What do I need to know before buying an African grey?

How to Know if an African Grey Parrot Is Right for You

African grey parrots are known for their ability to talk or mimic sounds. They are social birds that can make great companions, but they also come with a lot of needs. Since parrots are intelligent and nervous, owners need to be prepared to give their birds a safe, predictable, and loving home. You’ll know if an African grey parrot is right for you after you know what to expect, commit to providing care and attention, and calculate the costs of owning the bird. What do I need to know before buying an African grey?

Knowing What to Expect

Expect an intelligent, sociable pet. African grey parrots are one of the smartest animals that you can keep as a pet.[1] Their reasoning skills are similar to those of a 3-year-old child, making them inquisitive and delightful to interact with.[2] However, like an actual toddler, they can be a handful. You’ll need to ensure that your bird is well-stimulated to keep it healthy and happy.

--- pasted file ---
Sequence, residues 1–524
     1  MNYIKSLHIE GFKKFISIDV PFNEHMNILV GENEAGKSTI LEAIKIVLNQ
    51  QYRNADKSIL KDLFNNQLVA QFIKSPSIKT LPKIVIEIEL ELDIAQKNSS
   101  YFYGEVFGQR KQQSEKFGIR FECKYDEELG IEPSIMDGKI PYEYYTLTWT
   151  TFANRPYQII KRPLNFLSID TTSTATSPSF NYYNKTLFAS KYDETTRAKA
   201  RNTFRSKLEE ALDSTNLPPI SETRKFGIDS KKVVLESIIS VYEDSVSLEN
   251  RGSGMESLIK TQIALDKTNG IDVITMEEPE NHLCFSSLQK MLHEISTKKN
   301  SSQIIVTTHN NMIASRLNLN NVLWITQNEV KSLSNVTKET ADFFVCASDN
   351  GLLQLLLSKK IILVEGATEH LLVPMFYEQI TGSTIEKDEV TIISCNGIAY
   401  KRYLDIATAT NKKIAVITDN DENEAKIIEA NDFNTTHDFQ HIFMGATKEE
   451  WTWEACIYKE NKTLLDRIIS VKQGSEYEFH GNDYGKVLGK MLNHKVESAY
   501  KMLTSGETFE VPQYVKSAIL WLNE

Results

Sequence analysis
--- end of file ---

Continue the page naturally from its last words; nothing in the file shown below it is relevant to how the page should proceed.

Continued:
Prepare for a bird that talks. African greys can learn to speak with training and can mimic human speech. This skill is one that makes the birds really popular, but you’ll need to work with your bird to help it learn to mimic. Additionally, the skill range can vary across individual birds.What do I need to know before buying an African grey?


Find space for a large cage.

Your bird will spend much of the day in its cage unless you can supervise extended stays outside it. Because of this, the cage must be large enough for the bird to spread its wings and fly around. The cage should be at least 4 feet (1.2 meters) tall, 2 feet (.6 meters) wide, and 3 feet (.9 meters) long.[4]

The space should allow the bird access to natural sunlight, but away from drafts.
You also need to find a place that isn’t too noisy or susceptible to a lot of disruptions, which could upset your bird.